Christian Missions Without America?

Dear Praying Friends:

In February, 2017, I listed several “’Old’ Strategies for New Realities.” One of these was “Developing low-cost, high-yield structures and programs that do not rely on continued American power and prosperity or continued freedoms in the West or in Asia.”

Although American power has been declining rapidly since then, we could soon see an even sharper fall in the ability of American churches to deploy and support traditional missionary workers and of the United States Government to protect them or other Christians around the world, including Asia. In this letter, I will explain why I make this statement.

The “bottom line” is that almost all strategies and methods of reaching Chinese and others worldwide with the gospel will have to be based on a world without the Pax Americana that has prevailed since the end of World War Two and without the same level of American personnel or financial resources.

Cascading crises

All the trends that I mentioned in my last letter, and more, have converged into a combination that will likely culminate in a collection of calamities that point toward the demise of the United States and even the entire Western world. The earth is rumbling beneath us. The foundations are shaking.

Could we be on the cusp of the kind of civilizational collapse and the rise of a new dominant power that happens about every five hundred years? (You can Google “civilization collapse” to find a number of different models and theories of this recurring phenomenon.)

The pandemic of 2020 has not only exposed, but widened existing fault lines. Not only has this novel virus killed more than a million people and sickened many more, but the resulting lockdowns have devastated entire economies. Europe and the United States are entering what some economists are calling the Second Great Depression, as countless companies have declared bankruptcy or simply closed their doors, and millions have lost their jobs.[1]

According to the non-partisan Congressional Budget Office, the annual federal deficit and the overall government debt could produce a financial crisis that would suddenly destroy confidence in the U.S. dollar and the government’s ability to meet its obligations, much less to finance either social or defense commitments.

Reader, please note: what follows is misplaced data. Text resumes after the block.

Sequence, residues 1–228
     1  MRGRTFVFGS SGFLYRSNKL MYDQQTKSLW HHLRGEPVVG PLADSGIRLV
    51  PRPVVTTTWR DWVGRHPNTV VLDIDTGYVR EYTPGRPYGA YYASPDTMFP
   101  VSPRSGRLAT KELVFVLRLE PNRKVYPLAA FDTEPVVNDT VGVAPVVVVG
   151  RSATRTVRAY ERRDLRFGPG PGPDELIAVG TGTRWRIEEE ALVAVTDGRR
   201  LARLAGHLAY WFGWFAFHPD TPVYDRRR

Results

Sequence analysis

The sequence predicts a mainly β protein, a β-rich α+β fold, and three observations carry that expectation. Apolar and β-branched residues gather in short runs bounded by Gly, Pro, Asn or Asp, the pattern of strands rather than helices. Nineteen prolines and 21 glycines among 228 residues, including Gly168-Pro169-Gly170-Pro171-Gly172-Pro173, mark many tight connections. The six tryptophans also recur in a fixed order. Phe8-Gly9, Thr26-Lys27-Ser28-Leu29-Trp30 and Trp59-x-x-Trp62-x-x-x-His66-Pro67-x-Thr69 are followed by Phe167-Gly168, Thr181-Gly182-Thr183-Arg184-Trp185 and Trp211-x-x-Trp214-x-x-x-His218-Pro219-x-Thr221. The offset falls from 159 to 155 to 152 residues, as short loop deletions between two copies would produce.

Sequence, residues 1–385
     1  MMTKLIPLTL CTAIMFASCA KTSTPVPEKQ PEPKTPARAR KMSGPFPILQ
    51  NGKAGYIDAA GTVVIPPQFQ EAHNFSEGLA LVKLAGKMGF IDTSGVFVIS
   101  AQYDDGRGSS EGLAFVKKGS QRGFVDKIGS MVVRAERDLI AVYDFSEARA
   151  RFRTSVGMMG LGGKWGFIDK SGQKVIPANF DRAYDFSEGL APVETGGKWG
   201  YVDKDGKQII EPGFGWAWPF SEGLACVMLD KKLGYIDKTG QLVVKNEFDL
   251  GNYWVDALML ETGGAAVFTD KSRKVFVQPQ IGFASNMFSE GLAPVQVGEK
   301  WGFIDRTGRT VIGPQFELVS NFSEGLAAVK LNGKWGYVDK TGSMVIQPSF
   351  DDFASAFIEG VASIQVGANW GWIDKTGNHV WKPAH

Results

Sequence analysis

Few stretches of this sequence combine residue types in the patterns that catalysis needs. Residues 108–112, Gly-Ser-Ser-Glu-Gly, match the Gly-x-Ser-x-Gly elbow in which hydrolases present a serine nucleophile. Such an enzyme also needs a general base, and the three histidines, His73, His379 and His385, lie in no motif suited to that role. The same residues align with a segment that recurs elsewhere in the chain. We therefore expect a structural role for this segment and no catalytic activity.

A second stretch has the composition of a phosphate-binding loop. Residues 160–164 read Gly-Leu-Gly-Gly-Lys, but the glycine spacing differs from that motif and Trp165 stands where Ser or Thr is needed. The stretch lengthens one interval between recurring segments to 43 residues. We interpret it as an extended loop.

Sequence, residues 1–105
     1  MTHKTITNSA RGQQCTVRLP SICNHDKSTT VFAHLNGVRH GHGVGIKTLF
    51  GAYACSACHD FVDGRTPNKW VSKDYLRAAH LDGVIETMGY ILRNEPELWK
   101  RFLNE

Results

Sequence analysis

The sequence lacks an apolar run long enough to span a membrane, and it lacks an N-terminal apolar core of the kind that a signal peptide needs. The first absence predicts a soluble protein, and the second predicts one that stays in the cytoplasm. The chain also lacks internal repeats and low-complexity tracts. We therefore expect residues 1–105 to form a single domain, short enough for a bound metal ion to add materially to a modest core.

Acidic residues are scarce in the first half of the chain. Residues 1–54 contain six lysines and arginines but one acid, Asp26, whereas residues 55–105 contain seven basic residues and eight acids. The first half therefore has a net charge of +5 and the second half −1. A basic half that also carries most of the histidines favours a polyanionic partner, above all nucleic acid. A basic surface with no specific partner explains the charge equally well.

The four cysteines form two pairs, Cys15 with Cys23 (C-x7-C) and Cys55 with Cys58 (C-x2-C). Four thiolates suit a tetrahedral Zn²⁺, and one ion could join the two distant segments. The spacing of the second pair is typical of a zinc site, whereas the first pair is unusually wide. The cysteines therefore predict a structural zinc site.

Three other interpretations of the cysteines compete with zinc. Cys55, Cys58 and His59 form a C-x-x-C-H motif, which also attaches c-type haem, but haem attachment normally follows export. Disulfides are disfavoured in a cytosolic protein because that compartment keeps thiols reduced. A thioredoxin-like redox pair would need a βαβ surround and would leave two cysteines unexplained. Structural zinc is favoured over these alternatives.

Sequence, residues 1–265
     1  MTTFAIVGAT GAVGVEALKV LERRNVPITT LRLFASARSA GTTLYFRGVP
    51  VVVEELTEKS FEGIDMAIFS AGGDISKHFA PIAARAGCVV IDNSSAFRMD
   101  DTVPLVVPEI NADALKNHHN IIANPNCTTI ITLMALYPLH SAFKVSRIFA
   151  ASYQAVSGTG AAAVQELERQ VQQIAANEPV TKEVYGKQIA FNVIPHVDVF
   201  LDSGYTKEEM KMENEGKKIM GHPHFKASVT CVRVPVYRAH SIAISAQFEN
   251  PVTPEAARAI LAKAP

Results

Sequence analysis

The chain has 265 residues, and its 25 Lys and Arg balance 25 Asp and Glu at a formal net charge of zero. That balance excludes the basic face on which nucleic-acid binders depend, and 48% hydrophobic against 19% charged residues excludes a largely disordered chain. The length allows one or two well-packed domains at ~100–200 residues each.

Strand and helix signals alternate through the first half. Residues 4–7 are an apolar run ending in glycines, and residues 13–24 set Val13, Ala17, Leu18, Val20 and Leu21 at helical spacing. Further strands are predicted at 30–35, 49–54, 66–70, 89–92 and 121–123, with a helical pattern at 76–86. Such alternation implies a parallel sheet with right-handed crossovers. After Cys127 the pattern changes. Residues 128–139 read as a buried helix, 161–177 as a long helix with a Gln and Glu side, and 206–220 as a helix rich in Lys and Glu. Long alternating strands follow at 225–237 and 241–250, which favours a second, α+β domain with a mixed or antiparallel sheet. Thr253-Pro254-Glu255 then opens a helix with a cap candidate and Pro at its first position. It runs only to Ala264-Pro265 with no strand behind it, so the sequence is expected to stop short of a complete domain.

The income gap between the rich and the rest of us has surpassed that which existed in 1929; indeed, the middle class is fast disappearing. As the rich get richer and the poorer get poorer, social unrest erupts into protests. These not only reflect rage over racial inequalities, but the despair of millions who see no secure future for themselves. The degree of social instability now is the greatest in our history.

The two major political parties are locked in a bitter struggle for supremacy, with little room for compromise. The intensity of political conflict has reached the level prevailing in 1860, leading some to talk about something previously unthinkable – a second civil war.

To these looming crises, we can add conflicts between races, men and women, urban and rural dwellers, and those who adhere to traditional moral and social values versus those who promote what they call a social revolution.

Perhaps the most heartbreaking tension is that between the older and younger generations. Parents and children increasingly inhabit two separate worlds, with radically different views on a whole host of burning issues and little prospect of communication or even, sometimes, mutual respect.

Whoever occupies the White House will lead a nation that is falling apart.

“Fallen, fallen is Babylon!”

He will also face the greatest threat to national survival since the Cold War. Russia and China have stepped up their challenges to American dominance. The United States and China could easily be at war within the next year, or even sooner. With its military assets dispersed around the globe, the U.S. might be defeated by a concentration of hostile forces.

In Christianity in America: Triumph and Tragedy, I asserted that this nation is the current manifestation of biblical Babylon. The resemblances are too many to miss.

Both the great city that suddenly fell to the Medes and the Persians and the one described in Revelation 17:1-19:10 collapsed so suddenly that everyone was shocked. Could the same catastrophe befall the United States?

How then shall we live?

Even assuming that my assessment is too pessimistic, at the very least we can say that the modern missionary era is ending. In the future, we will have to put our trust in God, not men or money. We must adopt low-cost, sustainable methods of reaching the nations with the gospel. We must learn to pray. Above all, we must “rest [our] hope fully on the grace that is to be brought to [us] at the revelation of Jesus Christ” (1 Peter 1:13).

Before the Lord returns, however, let us remember that, even now, “The LORD reigns!” (Psalm 99:1). Christ is “seated at [the Father’s] right hand in the heavenly places, far above all principality and power and might and dominion and very name that is named, not only in this age but also in that which is to come. And [God] put all things under His feet and gave Him to be head over all things for the church” (Ephesians 1:20-22).  Jesus said, “The gospel must first be preached to all the nations” (Mark 13:10) and declared, “You will be My witnesses . . . to the end of the earth” (Acts 1:8). Christ certainly does not need American prosperity or power to build his church!

Yours in his victory,


[1]For substation of the statements in this paragraph and three that follow, see;  and